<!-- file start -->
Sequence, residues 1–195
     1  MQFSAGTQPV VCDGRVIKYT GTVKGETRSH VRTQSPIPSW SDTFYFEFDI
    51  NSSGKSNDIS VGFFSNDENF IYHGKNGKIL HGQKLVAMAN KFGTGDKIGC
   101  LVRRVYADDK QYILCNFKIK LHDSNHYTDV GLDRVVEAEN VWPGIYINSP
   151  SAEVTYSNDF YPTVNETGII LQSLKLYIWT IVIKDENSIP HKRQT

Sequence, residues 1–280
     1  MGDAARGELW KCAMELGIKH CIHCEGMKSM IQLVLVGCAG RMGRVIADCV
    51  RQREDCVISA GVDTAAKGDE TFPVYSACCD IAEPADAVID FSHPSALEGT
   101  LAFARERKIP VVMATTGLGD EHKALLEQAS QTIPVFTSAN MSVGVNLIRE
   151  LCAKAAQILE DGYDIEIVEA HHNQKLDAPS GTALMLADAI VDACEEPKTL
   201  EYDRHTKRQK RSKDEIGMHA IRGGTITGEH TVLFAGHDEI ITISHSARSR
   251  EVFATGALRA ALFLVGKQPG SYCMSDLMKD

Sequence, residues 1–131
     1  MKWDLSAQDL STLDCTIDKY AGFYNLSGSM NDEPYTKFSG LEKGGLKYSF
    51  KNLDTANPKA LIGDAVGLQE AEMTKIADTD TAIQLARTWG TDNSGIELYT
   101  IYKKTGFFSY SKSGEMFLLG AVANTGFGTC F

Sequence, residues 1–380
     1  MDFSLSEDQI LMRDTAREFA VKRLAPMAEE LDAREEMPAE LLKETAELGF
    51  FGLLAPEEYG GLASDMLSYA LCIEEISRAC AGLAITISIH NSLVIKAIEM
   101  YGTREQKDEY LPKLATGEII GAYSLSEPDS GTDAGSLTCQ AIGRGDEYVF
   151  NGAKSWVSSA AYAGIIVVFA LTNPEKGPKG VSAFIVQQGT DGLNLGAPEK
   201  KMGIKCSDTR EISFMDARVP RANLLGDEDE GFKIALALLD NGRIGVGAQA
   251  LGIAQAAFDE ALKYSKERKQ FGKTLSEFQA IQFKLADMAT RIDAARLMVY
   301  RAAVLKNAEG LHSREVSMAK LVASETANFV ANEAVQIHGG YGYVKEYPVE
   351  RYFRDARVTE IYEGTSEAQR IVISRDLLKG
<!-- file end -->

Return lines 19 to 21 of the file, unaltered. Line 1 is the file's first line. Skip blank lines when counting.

    51  FGLLAPEEYG GLASDMLSYA LCIEEISRAC AGLAITISIH NSLVIKAIEM
   101  YGTREQKDEY LPKLATGEII GAYSLSEPDS GTDAGSLTCQ AIGRGDEYVF
   151  NGAKSWVSSA AYAGIIVVFA LTNPEKGPKG VSAFIVQQGT DGLNLGAPEK